Possibly a company wants to print a digital or offset brochure or postcard (brochure printing) (postcard printing) that can be paired with a personal web page (PURL).

Perhaps a company is looking for on-demand book printing services to selectively bind short-run versions of text books (each with different content) (book printers) (on-demand book printers) (short-run book printers).

Or they may even need large format printing (large-format printing) for a huge poster: an image to wrap around the side of a building or a vehicle.

It’s a view of the future (and the present). And it includes printers and printing.

This marriage of digital and offset printing with Internet technology is known by many names, including “convergence” and “integrated marketing.” Increasingly, printing companies seek to partner with clients to help them craft their communications strategy. Printers are working to provide superior service and quality business printing in order to help raise their clients’ market share and boost their return on investment.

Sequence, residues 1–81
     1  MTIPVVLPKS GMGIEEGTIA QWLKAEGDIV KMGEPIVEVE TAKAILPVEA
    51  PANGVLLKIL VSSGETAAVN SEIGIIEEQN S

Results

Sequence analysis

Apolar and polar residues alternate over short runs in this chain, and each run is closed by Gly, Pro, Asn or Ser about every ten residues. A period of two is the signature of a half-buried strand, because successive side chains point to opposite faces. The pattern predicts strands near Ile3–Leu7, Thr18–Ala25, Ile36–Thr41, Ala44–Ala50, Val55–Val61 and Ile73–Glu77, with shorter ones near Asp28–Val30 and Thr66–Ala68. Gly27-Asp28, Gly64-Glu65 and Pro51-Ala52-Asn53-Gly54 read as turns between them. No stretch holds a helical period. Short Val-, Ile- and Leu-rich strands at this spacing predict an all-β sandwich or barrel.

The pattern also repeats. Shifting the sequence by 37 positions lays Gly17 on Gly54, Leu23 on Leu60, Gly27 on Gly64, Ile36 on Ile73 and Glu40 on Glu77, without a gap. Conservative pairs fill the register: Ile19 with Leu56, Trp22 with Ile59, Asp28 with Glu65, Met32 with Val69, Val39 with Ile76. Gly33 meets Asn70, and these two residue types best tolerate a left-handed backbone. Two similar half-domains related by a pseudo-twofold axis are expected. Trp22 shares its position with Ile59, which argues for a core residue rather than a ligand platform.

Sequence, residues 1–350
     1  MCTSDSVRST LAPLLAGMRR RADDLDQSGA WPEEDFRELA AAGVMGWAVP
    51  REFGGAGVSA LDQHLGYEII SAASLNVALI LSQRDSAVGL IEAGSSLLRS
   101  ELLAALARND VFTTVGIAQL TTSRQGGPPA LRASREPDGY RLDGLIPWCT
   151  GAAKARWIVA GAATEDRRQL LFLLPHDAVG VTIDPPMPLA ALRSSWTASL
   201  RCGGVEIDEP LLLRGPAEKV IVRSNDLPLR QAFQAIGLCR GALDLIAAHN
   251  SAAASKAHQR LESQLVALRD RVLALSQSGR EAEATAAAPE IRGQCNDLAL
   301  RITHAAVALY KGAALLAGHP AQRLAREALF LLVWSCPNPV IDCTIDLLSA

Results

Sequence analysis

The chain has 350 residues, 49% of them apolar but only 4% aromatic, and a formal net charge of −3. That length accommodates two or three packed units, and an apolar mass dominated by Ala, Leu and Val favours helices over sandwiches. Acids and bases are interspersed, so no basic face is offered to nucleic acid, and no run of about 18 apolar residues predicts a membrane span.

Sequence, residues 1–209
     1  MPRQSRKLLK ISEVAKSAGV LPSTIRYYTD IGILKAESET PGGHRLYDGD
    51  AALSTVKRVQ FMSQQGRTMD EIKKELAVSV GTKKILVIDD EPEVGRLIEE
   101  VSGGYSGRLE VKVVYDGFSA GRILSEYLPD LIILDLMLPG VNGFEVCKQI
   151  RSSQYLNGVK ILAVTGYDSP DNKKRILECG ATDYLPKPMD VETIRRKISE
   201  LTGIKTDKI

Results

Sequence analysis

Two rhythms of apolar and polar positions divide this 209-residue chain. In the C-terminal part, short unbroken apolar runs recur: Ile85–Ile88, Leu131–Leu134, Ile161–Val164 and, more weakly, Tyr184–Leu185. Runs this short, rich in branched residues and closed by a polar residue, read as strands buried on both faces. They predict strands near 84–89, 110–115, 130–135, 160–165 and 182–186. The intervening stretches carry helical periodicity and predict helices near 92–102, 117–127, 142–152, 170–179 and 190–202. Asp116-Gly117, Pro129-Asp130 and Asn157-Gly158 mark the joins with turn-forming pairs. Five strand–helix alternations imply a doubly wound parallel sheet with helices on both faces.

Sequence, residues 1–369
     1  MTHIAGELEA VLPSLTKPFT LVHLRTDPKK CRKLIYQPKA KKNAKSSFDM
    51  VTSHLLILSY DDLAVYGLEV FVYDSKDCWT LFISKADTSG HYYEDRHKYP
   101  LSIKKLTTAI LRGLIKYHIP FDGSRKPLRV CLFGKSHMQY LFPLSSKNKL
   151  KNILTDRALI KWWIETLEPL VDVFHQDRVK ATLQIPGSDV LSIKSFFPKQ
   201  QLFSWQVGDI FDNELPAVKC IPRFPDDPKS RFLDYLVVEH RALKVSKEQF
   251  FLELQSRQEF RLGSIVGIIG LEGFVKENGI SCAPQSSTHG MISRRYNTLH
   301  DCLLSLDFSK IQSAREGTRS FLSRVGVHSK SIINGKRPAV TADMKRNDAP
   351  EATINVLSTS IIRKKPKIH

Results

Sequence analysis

The key word here is “partner.” Printing companies and print buyers are coming together for mutual gain.

This is the future of printing, involving new technology and a focus on partnerships. In this spirit, the Printing Industry Exchange will initiate a new printing blog. Think of it more as a forum. The goal is not to duplicate the the Quick Tips newsletter but to complement it. The newsletter will continue to provide information on how to be a prudent print buyer by understanding and leveraging current technologies. In contrast, the PIE Blog will provide an opportunity for print buyers and printing companies within the PIE community to exchange thoughts and information, pose questions, and vent frustrations, in addition to learning about new printing technologies and techniques.